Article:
Quake simulation tests strength of precast concrete

Times Staff Writer

Groaning and trembling slightly, a three-floor, 400-ton concrete structure was playing its part Wednesday in an earthquake simulation project meant to help prepare California for the Big One.

In an obscure area east of Interstate 15, investigators at the UC San Diego Camp Elliott Structural Research Center are testing the strength and flexibility of precast concrete. The goal of the $2.3-million project, funded by government and industry, is to provide better designs to keep buildings from coming apart during large quakes.

Nine parking structures, for example, collapsed during the Northridge quake in 1994.

But industry officials believe that advances in the composition and assembly of precast concrete should minimize the possibility of a repeat of the Northridge experience. Precast concrete is put together in a factory and then shipped to a site, not poured wet into forms at the assembly site.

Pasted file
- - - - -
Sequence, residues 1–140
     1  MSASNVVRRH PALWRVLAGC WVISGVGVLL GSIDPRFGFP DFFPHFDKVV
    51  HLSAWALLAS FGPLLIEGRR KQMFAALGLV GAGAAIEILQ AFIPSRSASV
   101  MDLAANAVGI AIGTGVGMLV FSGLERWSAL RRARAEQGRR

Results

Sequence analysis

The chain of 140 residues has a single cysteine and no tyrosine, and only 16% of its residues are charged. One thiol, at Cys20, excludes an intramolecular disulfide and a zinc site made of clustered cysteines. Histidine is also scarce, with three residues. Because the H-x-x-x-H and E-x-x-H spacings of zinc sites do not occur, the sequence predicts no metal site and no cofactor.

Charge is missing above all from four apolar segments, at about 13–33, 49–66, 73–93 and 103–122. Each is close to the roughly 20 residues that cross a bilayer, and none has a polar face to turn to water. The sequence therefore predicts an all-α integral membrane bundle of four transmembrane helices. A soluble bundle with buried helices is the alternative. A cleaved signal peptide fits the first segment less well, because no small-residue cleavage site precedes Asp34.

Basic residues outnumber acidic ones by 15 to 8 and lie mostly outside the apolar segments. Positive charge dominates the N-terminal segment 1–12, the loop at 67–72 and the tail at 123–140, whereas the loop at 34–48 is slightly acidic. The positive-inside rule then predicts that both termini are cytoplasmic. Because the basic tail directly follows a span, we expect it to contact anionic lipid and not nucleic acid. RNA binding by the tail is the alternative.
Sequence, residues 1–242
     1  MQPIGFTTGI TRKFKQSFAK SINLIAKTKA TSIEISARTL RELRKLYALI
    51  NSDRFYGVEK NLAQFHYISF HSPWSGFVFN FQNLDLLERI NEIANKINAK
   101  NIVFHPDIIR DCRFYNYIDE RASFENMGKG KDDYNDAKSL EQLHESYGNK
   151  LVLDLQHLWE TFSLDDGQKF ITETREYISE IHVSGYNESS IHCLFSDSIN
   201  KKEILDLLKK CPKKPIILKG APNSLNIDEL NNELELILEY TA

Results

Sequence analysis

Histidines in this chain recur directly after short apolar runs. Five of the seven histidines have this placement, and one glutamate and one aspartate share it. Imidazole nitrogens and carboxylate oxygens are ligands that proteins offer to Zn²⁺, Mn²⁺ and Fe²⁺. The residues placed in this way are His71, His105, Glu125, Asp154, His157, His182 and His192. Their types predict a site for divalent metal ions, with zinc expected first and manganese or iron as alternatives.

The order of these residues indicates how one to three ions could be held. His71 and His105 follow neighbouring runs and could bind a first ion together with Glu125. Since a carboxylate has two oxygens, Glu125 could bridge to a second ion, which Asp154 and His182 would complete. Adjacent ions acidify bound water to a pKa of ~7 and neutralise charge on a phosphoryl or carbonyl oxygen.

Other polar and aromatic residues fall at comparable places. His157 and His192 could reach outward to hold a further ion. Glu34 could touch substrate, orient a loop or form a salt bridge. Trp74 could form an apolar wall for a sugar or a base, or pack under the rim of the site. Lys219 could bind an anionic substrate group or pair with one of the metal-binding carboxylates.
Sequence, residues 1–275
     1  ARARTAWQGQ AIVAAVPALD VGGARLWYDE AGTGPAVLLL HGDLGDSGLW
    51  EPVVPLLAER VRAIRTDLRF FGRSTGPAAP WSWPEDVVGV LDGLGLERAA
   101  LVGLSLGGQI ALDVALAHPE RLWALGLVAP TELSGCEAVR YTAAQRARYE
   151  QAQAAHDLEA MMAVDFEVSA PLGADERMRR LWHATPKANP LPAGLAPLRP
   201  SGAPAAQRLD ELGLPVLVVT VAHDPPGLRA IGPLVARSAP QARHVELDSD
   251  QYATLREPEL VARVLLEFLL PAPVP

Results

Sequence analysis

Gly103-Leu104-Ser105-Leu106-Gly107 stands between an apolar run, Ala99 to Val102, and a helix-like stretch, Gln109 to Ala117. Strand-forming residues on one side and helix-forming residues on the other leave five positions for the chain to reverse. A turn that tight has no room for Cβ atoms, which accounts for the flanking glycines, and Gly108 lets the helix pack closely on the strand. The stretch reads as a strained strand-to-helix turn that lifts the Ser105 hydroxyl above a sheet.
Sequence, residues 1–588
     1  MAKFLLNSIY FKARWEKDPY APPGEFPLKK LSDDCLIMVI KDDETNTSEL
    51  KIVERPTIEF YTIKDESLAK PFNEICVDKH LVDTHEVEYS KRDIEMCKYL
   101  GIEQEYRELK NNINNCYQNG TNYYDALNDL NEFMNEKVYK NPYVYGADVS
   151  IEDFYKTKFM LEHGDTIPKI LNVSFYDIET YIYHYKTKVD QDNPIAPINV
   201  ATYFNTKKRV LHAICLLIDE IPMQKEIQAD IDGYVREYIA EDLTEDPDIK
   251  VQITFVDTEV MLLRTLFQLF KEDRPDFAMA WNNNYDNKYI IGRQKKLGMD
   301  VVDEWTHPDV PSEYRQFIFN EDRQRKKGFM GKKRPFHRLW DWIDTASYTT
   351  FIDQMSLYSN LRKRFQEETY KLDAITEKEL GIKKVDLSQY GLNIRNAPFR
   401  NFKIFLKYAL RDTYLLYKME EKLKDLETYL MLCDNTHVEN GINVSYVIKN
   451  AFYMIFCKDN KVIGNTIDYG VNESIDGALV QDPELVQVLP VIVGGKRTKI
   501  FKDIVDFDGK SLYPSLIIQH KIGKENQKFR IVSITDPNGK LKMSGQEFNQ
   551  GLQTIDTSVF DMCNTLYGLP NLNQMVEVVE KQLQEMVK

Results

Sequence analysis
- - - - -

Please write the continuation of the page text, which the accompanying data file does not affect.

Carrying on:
To test the latest in precast concrete technology, researchers put the parking structure-like building under the same strain as the 8.0 earthquake that struck Peru in 2007.

Data recorded by monitors will be compared with data collected from a computer model. If it matches, future tests can be done using computer models, a quicker and cheaper process, said Robert Fleischman, a professor of civil engineering at the University of Arizona. Is precast concrete the answer to survival in shake-prone California?

“It’s going to be part of the answer,” said James Toscas, president of the Precast/Prestressed Concrete Institute, based in Chicago. “Twenty years ago that would not have been the case. That’s how far we’ve come.”

As several dozen engineers, researchers and industry representatives watched, the three-level structure was put through a series of simulated quakes with the help of powerful pistons beneath the foundation. The structure shook but did not appear to be damaged.


Tests will continue through next month.

“This is how to find out if these things really work,” said Gilbert Hegemier, director of the UC San Diego Jacobs School of Engineering’s Charles Lee Powell Structural Research Laboratories.